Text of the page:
That doesn’t mean it will be easy. Papuan political parties are banned. All the political parties represented in Papua are national Indonesian parties with their head office in Jakarta. Papuan political interests are marginal to elites in Jakarta. At the grassroots, Jakarta may have lost its legitimacy years ago, but Papuan’s political representatives sing to Jakarta’s tune. If FORDEM can secure the DPRP’s agreement to hand back Otsus then Papuan noncooperation with Jakarta will be total.
Papuans understand Jakarta will do everything they can to derail and dilute Papuan demands, including using force if they believe they can get away with it. The pretext for this will be to prevent a referendum on Papuan independence, Jakarta’s worst nightmare. A number of Papuan leaders know this but are under intense pressure from grassroots constituents to accept nothing less. But to push for a referendum now could mean risking losing everything else as well. The challenge for Papuan strategists is to secure tangible victories that Jakarta will concede to, but also one they can sell to the restive masses that have come to the capital to usher in independence. At the least, that will include concessions like opening up Papua to international journalists, releasing political prisoners, and ensuring there is freedom of expression. But for a people who value dialogue, Papuans also want Jakarta to listen to them, to sit down and talk about their grievances. This includes the fraudulent transfer of sovereignty from the Dutch to the Indonesian government during the 1960s.
Publicly, Provincial Parliamentarians are still refusing to meet with the protesters, although privately a block of ten have said they support FORDEM’s demand. This morning after negotiation with protest leaders, police had extended the permit to protest for another day. As one protest leader says, “We have won one day. We are building the Papuan spirit to struggle.” Whether the Papuan protesters win their immediate goal for a special parliamentary session to return Otsus to Jakarta is not yet clear. But for now Papuans have won valuable political space.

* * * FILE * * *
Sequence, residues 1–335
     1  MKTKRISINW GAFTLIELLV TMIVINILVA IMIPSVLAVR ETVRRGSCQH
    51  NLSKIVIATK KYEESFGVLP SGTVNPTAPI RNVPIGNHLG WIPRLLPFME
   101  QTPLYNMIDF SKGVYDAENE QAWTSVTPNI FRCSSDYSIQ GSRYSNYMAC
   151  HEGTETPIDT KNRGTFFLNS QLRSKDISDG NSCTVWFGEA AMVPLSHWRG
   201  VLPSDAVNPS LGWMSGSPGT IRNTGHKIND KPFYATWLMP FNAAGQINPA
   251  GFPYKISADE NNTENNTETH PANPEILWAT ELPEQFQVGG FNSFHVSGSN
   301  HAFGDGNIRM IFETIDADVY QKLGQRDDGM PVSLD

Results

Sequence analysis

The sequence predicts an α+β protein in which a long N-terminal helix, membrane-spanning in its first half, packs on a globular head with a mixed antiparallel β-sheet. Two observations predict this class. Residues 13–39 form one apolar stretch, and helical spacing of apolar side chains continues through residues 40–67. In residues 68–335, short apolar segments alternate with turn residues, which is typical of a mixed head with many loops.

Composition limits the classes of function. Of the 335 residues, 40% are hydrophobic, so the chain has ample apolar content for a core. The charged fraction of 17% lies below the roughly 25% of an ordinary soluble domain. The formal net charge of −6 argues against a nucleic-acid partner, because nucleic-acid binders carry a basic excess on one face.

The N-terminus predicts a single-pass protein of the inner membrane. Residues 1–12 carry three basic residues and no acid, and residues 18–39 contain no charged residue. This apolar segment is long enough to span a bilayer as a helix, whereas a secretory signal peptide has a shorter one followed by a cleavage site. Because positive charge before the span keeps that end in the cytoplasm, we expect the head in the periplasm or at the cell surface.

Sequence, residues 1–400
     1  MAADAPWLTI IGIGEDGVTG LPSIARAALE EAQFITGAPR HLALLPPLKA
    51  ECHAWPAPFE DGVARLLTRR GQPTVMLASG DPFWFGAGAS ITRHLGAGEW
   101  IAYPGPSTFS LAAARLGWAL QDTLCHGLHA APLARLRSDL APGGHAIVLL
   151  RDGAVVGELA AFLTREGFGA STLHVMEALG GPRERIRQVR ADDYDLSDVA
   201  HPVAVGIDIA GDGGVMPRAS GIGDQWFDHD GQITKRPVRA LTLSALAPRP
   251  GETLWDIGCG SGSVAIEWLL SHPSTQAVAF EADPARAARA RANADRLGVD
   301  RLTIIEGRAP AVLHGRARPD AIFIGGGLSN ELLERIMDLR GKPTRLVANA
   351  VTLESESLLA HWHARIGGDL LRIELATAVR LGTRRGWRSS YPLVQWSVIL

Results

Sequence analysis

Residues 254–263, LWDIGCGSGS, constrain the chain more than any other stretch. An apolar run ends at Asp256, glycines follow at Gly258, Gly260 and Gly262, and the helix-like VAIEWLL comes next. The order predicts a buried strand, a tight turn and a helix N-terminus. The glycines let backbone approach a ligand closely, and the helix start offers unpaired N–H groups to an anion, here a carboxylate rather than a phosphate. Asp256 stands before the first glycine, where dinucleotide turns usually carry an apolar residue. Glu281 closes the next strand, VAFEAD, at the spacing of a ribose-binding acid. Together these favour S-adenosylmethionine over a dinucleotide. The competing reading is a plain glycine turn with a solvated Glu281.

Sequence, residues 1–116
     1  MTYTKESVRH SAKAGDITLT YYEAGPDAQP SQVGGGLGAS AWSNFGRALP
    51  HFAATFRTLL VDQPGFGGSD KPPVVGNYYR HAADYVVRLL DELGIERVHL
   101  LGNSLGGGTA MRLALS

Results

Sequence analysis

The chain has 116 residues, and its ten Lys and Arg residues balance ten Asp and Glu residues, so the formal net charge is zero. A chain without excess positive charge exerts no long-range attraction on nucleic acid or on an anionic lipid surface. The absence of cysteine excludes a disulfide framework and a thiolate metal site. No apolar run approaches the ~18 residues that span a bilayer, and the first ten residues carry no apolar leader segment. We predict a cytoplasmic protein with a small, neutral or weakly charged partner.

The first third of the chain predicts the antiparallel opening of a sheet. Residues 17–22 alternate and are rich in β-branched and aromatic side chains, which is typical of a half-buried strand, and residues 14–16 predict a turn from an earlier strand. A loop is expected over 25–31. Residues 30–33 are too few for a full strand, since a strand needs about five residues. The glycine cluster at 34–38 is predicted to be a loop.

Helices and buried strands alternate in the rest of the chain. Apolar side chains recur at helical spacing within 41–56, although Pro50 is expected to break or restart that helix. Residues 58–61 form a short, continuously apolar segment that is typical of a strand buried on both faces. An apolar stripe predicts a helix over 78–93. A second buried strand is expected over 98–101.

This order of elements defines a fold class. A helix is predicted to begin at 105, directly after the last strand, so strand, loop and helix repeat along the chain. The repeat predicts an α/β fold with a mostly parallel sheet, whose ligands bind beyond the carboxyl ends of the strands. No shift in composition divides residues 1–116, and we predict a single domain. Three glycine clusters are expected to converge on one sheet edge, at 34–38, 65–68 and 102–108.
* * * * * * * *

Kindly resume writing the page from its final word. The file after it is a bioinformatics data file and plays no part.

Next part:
Not everyone can pay for the news. But if you can, we need your support.
Truthout is widely read among people with lower incomes and among young people who are mired in debt. Our site is read at public libraries, among people without internet access of their own. People print out our articles and send them to family members in prison — we receive letters from behind bars regularly thanking us for our coverage. Our stories are emailed and shared around communities, sparking grassroots mobilization.
We’re committed to keeping all Truthout articles free and available to the public. But in order to do that, we need those who can afford to contribute to our work to do so — especially now, because we have just 7 days left to raise $45,000 in critical funds.
We’ll never require you to give, but we can ask you from the bottom of our hearts: Will you donate what you can, so we can continue providing journalism in the service of justice and truth?